“What if I get hit by a bus (and survive)?”
Sent by Jonathan Stark on November 10th, 2017
A long-time reader recently asked me if I thought all freelancers should be working on products to mitigate the inherent risk of being a company of one. (h/t MP!)
For example, what if you were injured or sick and couldn't work for six months? What would happen to your business (and your life)?
My first thought was, “Well, that's what disability insurance is for.”
But the question got me thinking. What ways can independent software professionals set up a diversified revenue stream that would continue with little or no intervention.
Here's a list of suggestions based on things that I or my friends are actually selling:
- Podcast sponsorships—I know a number people who make four and five figures per episode from sponsorships. If you had co-hosts or could find a substitute host, you could continue the show indefinitely with very little attention.
- Mailing list sponsors—I know a few people who are doing four and five figures per month selling sponsorships in their weekly “link roundup” emails. For this to run on auto-pilot or close to it, you'd probably have to hire a decent VA and give them a clear SOP.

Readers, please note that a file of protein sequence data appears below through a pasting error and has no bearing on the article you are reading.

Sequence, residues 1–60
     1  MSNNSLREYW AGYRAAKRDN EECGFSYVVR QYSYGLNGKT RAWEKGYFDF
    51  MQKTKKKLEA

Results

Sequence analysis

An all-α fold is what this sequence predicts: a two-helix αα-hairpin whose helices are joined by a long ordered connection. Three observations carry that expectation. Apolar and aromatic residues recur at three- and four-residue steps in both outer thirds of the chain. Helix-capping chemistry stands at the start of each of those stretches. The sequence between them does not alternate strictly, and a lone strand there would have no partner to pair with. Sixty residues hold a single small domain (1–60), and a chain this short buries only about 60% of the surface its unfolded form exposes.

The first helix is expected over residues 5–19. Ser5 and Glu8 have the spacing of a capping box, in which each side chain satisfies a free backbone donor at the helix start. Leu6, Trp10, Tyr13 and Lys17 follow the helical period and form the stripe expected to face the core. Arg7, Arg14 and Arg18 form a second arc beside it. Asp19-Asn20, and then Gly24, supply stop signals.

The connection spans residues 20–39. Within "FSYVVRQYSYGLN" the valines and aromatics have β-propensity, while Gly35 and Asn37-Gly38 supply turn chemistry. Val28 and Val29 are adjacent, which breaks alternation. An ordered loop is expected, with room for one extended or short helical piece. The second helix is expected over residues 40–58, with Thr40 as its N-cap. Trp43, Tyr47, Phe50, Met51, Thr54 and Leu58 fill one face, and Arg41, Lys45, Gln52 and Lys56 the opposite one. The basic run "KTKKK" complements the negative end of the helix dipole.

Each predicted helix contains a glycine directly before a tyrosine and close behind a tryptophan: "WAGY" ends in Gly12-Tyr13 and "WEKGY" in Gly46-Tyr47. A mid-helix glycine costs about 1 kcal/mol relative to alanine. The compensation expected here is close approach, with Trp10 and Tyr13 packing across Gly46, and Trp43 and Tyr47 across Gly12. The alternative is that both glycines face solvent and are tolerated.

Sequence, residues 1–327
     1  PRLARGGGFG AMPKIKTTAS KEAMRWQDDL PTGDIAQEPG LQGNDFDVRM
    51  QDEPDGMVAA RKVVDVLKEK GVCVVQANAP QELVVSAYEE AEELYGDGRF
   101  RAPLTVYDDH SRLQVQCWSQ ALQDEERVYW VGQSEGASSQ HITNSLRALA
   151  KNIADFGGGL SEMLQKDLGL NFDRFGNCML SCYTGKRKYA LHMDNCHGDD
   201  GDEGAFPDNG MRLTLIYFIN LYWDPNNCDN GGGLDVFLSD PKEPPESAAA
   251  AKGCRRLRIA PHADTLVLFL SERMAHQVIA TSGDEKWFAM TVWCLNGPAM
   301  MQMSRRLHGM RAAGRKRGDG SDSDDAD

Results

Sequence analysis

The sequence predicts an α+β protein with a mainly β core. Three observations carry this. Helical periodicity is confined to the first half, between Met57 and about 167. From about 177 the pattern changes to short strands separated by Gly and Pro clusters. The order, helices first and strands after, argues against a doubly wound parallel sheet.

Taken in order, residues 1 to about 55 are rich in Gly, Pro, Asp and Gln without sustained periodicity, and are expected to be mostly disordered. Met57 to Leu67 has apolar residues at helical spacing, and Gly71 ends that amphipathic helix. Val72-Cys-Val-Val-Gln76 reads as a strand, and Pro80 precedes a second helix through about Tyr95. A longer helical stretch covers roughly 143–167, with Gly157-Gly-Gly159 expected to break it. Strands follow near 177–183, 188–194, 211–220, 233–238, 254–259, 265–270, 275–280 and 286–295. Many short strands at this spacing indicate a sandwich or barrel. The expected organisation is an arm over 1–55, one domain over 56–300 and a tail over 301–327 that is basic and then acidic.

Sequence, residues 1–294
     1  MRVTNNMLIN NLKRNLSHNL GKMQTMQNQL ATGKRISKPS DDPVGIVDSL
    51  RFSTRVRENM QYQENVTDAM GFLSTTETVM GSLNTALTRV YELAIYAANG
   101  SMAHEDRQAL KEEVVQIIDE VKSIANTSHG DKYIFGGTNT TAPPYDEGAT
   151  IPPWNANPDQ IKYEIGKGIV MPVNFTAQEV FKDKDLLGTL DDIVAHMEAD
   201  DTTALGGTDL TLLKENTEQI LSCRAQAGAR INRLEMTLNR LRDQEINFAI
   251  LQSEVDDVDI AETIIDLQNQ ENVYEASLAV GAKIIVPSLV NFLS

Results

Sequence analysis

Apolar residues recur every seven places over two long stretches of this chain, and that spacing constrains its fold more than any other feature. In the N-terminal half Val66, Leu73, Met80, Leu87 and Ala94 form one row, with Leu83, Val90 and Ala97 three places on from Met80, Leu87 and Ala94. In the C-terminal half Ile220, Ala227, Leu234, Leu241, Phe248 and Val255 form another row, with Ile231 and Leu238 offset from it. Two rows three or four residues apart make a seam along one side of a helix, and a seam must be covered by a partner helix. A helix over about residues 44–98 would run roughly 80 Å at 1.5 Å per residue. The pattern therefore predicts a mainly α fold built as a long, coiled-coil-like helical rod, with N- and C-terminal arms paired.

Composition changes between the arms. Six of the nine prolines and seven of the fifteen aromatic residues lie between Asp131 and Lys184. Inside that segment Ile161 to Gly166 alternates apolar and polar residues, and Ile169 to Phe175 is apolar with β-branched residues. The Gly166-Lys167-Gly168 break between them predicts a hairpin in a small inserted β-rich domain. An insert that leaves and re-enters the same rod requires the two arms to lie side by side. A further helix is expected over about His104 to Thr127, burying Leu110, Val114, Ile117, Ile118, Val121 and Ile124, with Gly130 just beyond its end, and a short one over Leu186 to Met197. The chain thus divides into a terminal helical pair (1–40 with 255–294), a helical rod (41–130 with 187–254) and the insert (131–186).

- Paid communities—I know a few people doing four figures per month with membership sites or paid Slack rooms. Depending on the expectations, you could potentially not show up for a long time before you started getting a lot of churn. Even if you did have to show up a couple times per week, it would be very little work.
- Info products—I know tons of people who are doing four to five figures (some of them high five figures) with info products like ebooks, email courses, video courses, etc. Of all the ideas on this list, info products are probably the most hands off. Once you have a system set up, your info products will continue to sell on their own with almost zero intervention until people don't care about the topic anymore.
Did I leave anything out? Hit reply and let me know what I forgot to include.
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